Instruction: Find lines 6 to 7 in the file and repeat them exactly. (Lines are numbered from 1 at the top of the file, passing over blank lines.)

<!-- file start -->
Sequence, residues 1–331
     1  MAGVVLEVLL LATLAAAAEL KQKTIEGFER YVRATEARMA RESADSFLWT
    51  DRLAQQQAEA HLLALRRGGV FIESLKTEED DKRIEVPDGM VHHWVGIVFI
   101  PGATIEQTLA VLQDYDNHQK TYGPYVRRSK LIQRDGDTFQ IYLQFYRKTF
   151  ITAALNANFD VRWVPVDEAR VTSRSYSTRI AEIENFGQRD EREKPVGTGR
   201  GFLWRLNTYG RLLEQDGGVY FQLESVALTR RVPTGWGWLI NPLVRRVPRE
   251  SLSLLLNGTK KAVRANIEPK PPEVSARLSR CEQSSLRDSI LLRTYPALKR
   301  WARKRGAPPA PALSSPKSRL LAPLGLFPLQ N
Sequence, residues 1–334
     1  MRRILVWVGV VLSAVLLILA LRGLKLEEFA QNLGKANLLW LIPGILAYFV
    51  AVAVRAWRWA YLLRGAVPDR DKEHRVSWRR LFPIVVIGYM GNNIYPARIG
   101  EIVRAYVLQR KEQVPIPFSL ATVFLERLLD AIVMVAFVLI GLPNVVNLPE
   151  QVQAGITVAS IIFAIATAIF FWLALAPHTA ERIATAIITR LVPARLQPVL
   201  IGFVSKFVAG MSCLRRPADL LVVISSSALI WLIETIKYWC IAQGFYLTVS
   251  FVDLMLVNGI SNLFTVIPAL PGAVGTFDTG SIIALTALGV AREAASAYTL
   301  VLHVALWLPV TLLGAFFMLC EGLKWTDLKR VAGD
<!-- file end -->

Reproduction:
   201  GFLWRLNTYG RLLEQDGGVY FQLESVALTR RVPTGWGWLI NPLVRRVPRE
   251  SLSLLLNGTK KAVRANIEPK PPEVSARLSR CEQSSLRDSI LLRTYPALKR